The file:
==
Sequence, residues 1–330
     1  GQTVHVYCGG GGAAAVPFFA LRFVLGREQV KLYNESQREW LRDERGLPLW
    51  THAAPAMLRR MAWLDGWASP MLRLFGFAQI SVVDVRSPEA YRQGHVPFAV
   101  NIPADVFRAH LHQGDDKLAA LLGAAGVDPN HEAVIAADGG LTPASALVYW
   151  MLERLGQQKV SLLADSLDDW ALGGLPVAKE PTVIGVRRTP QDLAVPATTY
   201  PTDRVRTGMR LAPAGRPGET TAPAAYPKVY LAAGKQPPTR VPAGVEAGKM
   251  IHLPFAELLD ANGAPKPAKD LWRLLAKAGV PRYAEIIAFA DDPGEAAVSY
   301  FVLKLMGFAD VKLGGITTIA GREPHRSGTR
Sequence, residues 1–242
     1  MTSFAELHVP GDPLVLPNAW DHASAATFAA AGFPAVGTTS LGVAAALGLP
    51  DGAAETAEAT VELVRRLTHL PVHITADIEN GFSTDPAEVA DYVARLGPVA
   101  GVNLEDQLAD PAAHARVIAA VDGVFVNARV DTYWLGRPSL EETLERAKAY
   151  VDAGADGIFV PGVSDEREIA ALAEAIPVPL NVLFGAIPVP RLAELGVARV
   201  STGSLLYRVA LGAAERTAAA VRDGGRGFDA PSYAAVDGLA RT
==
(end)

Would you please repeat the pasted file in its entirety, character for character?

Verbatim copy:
Sequence, residues 1–330
     1  GQTVHVYCGG GGAAAVPFFA LRFVLGREQV KLYNESQREW LRDERGLPLW
    51  THAAPAMLRR MAWLDGWASP MLRLFGFAQI SVVDVRSPEA YRQGHVPFAV
   101  NIPADVFRAH LHQGDDKLAA LLGAAGVDPN HEAVIAADGG LTPASALVYW
   151  MLERLGQQKV SLLADSLDDW ALGGLPVAKE PTVIGVRRTP QDLAVPATTY
   201  PTDRVRTGMR LAPAGRPGET TAPAAYPKVY LAAGKQPPTR VPAGVEAGKM
   251  IHLPFAELLD ANGAPKPAKD LWRLLAKAGV PRYAEIIAFA DDPGEAAVSY
   301  FVLKLMGFAD VKLGGITTIA GREPHRSGTR
Sequence, residues 1–242
     1  MTSFAELHVP GDPLVLPNAW DHASAATFAA AGFPAVGTTS LGVAAALGLP
    51  DGAAETAEAT VELVRRLTHL PVHITADIEN GFSTDPAEVA DYVARLGPVA
   101  GVNLEDQLAD PAAHARVIAA VDGVFVNARV DTYWLGRPSL EETLERAKAY
   151  VDAGADGIFV PGVSDEREIA ALAEAIPVPL NVLFGAIPVP RLAELGVARV
   201  STGSLLYRVA LGAAERTAAA VRDGGRGFDA PSYAAVDGLA RT